Upon actuation of the motor 18, the hollow drive shaft 9 is rotated through the gears 19 and 17 to cause the rotary plate 3 and thus the wafers 5 supported on the specimen support members 4 to rotate about an axis of rotation of the rotary plate 3 at a rate of 250 revolutions per minute, for example. Thus, the wafers 5 are repeatedly exposed to irradiation of ion beams for cycles equal in number to the revolutions of the rotary plate 3, thereby effecting implantation of ions in each of the wafers 5.

Meanwhile cooling water which is the cooling fluid in this embodiment is led through the inlet port 13 of the cooling head 11 through the water channel defining hollow shaft 25 to the cooling source 7, from which the cooling water flows through a water channel defined between an inner wall surface of the hollow drive shaft 9 and an outer wall surface of the channel defining hollow shaft 25 to the outlet port 14 to be released to outside.

In the heat pipes 20, the working fluid 21 moves toward the specimen support members 4 by the action of centrifugal forces and capillary action of the wick 23 and the working fluid 21 thus moved toward the members 4 evaporates by absorbing heat from the members 4 and wafers 5. The vapor thus generated quickly flows toward the cooling source 7 due to the difference in vapor pressure and condenses therein. At this time, the heat absorbed by the working fluid 21 when it evaporates or the latent heat of evaporation is released into the cooling source 7. The condensate produced by condensation of the vapor is returned to its original place by centrifugal forces and capillary action of the wick 23 to repeat the same process thereafter.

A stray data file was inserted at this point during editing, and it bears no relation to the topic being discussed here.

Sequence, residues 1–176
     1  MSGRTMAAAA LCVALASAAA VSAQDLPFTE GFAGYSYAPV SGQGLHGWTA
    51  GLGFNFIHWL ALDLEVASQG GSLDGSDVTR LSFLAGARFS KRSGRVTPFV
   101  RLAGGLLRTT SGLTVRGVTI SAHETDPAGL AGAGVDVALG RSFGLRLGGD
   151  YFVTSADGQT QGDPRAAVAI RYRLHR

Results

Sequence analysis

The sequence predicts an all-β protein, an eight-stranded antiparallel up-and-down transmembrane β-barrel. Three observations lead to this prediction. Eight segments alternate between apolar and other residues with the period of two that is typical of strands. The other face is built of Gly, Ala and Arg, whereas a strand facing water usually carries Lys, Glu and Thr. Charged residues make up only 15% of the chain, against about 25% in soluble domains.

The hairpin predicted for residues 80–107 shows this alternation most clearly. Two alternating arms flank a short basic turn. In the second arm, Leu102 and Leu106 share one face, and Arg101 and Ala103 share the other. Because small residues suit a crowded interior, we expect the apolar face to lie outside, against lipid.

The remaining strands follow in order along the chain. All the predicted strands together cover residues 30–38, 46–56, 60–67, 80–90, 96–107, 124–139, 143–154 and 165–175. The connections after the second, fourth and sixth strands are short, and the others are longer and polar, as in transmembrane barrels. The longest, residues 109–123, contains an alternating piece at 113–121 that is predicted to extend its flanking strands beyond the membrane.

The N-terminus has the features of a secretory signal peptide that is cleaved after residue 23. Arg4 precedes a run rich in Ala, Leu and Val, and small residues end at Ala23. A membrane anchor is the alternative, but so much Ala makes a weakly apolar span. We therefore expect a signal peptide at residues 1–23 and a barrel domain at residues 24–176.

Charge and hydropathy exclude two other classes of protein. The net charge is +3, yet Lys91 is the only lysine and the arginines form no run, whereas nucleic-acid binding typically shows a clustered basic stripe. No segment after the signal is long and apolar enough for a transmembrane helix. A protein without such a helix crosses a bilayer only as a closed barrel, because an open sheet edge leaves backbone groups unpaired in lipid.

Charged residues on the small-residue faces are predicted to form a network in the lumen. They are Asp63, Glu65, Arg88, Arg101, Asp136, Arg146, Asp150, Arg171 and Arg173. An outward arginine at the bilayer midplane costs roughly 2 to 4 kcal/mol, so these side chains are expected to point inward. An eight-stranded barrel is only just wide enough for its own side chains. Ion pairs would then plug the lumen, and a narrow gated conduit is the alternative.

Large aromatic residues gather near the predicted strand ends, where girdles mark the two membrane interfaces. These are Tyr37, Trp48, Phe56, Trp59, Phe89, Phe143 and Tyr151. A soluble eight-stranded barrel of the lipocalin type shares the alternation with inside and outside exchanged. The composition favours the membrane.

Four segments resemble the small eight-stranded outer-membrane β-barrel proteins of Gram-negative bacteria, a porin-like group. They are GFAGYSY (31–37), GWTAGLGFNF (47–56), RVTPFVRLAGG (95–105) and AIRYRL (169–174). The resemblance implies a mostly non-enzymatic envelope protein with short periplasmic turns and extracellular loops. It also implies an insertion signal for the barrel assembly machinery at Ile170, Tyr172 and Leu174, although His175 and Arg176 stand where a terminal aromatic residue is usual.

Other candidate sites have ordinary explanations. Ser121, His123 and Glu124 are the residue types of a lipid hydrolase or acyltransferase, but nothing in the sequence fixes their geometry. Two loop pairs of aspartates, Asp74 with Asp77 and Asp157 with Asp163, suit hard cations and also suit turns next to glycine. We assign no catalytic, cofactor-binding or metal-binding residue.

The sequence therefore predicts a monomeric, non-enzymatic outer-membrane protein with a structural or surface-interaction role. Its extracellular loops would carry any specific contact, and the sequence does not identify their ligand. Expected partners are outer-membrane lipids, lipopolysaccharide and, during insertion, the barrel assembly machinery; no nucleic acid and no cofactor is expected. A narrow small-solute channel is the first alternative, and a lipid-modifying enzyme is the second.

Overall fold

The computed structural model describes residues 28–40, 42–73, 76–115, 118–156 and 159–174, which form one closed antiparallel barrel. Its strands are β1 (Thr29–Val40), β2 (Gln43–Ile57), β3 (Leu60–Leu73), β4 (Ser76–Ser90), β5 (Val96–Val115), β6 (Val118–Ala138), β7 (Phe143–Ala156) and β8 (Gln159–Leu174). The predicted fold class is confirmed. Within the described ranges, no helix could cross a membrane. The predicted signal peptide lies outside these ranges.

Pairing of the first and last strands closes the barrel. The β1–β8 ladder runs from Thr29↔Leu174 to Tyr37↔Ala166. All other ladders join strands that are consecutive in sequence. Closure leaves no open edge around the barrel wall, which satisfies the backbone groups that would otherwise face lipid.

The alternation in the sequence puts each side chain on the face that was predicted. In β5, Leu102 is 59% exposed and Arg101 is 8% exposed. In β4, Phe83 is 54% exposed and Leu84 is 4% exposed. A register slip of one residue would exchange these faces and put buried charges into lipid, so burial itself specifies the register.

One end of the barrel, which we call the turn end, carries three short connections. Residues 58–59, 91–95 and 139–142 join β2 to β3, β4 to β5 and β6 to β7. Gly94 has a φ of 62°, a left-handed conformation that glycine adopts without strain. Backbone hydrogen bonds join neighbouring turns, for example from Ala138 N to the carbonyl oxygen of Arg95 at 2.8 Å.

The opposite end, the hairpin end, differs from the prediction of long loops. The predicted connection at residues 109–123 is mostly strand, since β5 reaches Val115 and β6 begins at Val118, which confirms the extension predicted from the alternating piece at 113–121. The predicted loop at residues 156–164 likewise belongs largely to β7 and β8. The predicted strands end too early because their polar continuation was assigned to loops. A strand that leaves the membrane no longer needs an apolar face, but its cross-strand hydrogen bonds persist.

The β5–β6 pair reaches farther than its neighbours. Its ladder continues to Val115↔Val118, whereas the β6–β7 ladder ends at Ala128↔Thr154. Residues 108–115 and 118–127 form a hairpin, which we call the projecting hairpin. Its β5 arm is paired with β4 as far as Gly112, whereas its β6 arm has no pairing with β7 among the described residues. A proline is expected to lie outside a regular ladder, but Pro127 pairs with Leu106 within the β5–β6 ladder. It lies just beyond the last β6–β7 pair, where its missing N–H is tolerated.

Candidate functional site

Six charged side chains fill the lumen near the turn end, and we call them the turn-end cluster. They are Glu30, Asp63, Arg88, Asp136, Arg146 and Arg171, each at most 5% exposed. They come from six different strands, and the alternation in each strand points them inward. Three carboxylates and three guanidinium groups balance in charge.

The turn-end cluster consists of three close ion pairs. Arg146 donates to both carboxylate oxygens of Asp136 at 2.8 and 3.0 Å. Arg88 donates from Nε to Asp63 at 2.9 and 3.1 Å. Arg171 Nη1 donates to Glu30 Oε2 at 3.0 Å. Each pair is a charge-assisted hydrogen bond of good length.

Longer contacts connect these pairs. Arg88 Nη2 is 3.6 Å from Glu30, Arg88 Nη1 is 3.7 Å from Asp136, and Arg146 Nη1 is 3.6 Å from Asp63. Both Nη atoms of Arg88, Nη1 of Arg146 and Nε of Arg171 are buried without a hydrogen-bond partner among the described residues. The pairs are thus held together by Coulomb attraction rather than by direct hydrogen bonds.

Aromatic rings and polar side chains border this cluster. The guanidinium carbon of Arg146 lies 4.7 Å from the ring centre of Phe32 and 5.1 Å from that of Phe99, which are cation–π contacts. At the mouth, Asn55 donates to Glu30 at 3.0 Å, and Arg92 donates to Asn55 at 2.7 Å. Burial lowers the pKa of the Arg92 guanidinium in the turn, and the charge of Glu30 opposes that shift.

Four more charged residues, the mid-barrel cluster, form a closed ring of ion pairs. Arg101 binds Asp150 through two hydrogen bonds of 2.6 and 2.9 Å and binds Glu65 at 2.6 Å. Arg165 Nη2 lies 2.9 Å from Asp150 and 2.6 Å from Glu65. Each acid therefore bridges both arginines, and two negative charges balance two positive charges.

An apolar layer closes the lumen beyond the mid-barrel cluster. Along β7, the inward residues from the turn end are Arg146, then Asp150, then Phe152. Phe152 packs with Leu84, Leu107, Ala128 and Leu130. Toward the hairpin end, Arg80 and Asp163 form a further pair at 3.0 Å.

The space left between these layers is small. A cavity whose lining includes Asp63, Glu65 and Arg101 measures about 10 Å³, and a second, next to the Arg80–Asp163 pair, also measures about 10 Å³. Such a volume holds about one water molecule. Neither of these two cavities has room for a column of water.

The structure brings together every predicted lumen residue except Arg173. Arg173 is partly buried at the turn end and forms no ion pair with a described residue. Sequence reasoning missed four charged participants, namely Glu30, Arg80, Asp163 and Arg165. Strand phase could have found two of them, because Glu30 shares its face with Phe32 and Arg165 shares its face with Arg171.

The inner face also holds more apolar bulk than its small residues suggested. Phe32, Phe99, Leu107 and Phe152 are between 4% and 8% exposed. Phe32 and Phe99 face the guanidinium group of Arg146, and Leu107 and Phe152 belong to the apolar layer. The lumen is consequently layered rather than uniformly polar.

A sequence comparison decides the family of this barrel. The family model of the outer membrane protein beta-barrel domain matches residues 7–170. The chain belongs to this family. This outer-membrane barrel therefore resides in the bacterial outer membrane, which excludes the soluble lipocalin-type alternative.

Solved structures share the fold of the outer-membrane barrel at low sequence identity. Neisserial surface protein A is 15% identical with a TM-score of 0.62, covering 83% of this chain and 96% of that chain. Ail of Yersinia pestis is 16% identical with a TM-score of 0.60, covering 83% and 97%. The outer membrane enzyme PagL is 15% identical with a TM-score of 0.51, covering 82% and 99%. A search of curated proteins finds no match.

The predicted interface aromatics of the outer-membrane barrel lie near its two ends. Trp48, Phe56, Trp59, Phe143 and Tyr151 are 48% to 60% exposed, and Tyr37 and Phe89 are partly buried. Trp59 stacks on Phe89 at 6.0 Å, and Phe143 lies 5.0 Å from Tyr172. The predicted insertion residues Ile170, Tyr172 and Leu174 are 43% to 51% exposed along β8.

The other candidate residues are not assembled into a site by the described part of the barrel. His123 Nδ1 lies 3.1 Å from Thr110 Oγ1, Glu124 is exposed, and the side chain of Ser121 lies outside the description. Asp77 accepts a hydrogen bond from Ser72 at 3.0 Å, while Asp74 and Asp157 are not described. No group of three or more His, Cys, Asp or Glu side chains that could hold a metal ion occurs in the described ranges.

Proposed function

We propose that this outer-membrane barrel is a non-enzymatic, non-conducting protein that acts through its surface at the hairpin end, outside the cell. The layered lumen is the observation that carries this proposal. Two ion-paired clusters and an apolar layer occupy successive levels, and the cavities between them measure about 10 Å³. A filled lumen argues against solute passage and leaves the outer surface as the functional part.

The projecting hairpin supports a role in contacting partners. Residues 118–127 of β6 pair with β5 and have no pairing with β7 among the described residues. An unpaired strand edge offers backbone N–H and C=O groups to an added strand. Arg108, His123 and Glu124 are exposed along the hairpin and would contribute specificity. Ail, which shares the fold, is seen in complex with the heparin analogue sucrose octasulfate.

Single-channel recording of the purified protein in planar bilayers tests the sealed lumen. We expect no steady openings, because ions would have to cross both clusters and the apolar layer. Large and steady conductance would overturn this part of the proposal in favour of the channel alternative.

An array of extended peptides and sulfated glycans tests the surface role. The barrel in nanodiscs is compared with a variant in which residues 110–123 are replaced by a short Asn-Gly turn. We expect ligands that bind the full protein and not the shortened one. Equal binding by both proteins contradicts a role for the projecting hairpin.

In the heat pipes 20, transfer of heat in the form of latent heat of evaporation takes place in a process of evaporation of the liquid phase, moving of the vapor phase generated by the evaporation, condensation of the moved vapor phase and returning of the liquid phase produced by the condensation, so that the wafers 5 are cooled by the latent heat of evaporation. The heat conductivity of the heat pipes 20 is over ten times as high as that of copper and enables cooling of the wafers 5 to be effected satisfactorily.

When the working fluid 21 is water and the temperature of water in use is below 80 C., the vapor pressure of the water is below 0.5 atmospheric pressure (380 Torr).

If the heat pipes 20 were not used and the water channels of the cooling source 7 were extended to the vicinity of the wafers 5, the water channels would be maintained at a pressure representing the sum of the atmospheric pressure and the pressure of water under which the water is forced to flow through the channels.